There were also 4 non-hydric soils documented in the area of interest:  CgB, MvC, MXC, and PfB. These soils are at higher elevation than the three previous soil types and experience less saturation. MXC, which encompasses the parking lot and area immediately adjacent to it, has a significant slope while the three remaining have an average slope grade between 3 and 15%. CgB is comprised of gravelly, loamy sand, while PfB and MvC are comprised of very fine, sandy loam. The soil of MvC and MXC are also described as very stony, with large boulders and rocks protruding. These non-hydric soil areas are dominated by large Eastern Hemlock.


2.) Hydrology    

  
The major hydrological feature in the preserve is Holt Pond. There are also several riverine systems which feed into the pond, one of which is located in the area of interest for this research (Muddy River). The Muddy River is accessed either by the canoe launch or on a pier-like boardwalk that is part of the trail system and extends over the saturated wetlands which abut the river.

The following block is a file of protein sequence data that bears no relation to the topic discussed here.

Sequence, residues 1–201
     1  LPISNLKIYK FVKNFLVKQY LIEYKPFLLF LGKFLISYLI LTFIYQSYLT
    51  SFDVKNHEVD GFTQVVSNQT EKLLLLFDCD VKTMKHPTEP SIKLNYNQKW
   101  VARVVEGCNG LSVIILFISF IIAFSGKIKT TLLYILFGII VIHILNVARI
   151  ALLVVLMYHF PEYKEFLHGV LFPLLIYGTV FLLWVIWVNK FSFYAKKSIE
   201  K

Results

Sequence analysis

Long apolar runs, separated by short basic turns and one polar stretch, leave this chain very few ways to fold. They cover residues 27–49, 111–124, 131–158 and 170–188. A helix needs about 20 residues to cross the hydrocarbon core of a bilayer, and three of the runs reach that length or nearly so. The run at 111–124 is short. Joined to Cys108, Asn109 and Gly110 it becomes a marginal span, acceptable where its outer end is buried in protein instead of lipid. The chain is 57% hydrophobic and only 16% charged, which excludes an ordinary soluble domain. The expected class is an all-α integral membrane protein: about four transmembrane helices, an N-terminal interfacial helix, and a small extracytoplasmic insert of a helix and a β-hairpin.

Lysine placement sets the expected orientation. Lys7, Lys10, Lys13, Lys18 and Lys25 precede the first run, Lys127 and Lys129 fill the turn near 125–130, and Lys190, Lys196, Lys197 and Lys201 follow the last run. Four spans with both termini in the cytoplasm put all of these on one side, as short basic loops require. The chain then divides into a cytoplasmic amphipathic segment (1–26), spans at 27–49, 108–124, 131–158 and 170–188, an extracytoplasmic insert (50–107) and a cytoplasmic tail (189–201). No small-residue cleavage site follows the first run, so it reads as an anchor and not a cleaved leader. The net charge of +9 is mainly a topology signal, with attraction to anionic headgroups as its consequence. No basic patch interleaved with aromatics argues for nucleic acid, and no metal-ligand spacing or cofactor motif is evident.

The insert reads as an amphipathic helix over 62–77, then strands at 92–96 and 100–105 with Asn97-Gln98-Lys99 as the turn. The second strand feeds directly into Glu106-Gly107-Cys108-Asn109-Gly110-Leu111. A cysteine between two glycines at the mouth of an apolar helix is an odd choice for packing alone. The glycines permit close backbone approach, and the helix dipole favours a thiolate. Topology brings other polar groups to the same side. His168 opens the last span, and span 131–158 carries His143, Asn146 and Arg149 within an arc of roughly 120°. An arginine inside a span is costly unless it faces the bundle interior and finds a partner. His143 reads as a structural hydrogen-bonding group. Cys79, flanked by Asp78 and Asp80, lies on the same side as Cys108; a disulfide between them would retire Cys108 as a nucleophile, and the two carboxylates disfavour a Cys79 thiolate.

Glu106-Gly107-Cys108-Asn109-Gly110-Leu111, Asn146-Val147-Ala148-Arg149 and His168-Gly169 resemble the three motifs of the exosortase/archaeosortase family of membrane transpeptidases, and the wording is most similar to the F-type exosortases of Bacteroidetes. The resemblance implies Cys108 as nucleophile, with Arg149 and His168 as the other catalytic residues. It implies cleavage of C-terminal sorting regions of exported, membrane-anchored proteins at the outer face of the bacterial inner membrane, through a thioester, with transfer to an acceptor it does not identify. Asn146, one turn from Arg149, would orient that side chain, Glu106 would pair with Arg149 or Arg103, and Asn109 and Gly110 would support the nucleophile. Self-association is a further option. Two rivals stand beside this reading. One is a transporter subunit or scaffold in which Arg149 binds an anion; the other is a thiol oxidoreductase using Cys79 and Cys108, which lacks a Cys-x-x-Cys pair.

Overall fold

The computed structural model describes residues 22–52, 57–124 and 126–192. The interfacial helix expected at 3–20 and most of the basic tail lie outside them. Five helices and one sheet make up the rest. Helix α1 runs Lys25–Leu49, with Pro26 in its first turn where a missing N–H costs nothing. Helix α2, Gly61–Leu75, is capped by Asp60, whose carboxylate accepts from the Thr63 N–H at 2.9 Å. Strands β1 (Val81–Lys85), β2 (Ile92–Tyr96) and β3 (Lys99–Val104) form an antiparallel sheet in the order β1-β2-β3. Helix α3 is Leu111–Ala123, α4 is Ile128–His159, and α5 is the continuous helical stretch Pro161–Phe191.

As for slope in the preserve, the entrance and parking lot sit on top of a hill. The grade is steep at first when heading down the trails, however, the slope recedes when reaching the riverine system and both hydric soils contained in the wetland. For all wetland classifications besides the two composed of hydric soils and the pond itself, the depth to water table is greater than 200 cm, which means much of the runoff from higher elevation is slowed by groundwater uptake and saturation. The hydric soils either endure frequent flooding rates (Ml) or frequent ponding (Wk), and have a depth to water table rating of 8 and 0 cm, respectively.